"Previously, it was typical for company employees to communicate by email and to make transfers of funds--even overseas," said Troy Police Sgt. Meghan Lehman. "But in this case, someone hacked the account of the sender requesting the funds. And then [it] was days later before anyone questioned the transaction and learned they had been hacked."In a spear-phishing (or whaling) campaign, attackers use personalized emails to lull a victim into a sense of familiarity with the sender so that they will be more inclined to click on a suspicious link, download a malicious email attachment, or send over sensitive company information, including W-2 information.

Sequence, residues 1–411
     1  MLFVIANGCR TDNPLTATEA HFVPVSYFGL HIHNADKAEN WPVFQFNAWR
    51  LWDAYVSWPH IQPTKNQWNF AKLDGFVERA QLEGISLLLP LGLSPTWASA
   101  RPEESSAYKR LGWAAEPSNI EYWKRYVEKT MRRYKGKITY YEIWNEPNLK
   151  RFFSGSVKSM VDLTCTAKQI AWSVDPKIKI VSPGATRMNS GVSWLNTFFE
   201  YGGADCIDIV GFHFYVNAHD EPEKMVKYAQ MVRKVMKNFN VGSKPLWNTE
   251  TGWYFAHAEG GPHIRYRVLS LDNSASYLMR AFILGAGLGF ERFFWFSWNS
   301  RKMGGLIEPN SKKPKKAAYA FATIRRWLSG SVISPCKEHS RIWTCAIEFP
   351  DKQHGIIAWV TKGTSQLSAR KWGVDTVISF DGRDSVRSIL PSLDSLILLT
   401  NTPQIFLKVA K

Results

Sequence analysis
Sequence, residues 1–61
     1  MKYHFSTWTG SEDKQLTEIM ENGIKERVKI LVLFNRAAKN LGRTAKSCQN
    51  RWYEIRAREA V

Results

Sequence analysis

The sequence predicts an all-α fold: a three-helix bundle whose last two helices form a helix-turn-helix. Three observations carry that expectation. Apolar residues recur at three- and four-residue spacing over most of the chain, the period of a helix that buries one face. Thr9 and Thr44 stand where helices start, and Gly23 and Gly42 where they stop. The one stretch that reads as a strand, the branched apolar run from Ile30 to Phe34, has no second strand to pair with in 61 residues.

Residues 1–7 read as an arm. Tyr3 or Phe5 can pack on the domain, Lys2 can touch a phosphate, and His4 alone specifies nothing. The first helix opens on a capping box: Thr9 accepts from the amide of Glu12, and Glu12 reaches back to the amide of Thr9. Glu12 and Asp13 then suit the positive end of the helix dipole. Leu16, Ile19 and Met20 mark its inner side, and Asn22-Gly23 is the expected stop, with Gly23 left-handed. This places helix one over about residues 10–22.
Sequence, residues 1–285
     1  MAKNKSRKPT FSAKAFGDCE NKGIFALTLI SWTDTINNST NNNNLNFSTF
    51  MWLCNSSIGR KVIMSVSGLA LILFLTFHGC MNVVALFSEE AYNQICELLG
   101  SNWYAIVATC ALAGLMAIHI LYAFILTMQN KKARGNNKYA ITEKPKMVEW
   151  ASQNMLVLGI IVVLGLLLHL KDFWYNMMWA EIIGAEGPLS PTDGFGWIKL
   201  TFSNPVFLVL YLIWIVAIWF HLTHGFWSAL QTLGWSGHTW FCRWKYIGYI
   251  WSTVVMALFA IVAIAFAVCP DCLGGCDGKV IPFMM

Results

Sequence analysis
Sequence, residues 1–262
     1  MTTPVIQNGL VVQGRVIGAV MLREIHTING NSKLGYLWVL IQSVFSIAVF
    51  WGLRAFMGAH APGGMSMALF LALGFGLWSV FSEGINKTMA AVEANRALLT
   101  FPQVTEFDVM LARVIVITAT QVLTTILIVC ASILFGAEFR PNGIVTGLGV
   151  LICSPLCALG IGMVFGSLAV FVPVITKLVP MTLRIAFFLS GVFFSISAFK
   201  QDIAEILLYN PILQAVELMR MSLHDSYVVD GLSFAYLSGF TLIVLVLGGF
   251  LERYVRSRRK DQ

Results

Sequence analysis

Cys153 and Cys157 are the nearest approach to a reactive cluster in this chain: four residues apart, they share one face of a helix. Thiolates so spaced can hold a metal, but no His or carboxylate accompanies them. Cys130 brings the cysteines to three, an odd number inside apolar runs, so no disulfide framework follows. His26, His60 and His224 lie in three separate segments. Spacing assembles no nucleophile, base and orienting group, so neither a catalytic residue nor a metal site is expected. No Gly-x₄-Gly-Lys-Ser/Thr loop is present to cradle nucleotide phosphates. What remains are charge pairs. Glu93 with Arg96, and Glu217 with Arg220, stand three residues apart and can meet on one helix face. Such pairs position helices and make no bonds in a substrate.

“To be honest we're seeing both types of whaling on the rise. There is evidence to suggest the cyber criminals are using malware resident on the machine, such as Dridex, to give them enough intelligence on a target to help them decide what type of attack to carry out," Scott-Cowley told SCMagazine in an email. "So an HR user might be targeted with a W-2 style attack, whereas as a finance user would be stung with financial fraud. Then again domestic or low-value targets might just be sent a crypto malware instead, so as to extort a few hundred Bitcoin from them.”Since suffering the spear-phishing attack, Pomeroy has alerted its insurer to the theft. The company has also revised its internal policies so that money transfers of a similar size will need to be processed by a method other than email in the future. News of this attack follows just weeks after an unidentified American corporation lost $100 million in a successful spear-phishing attack.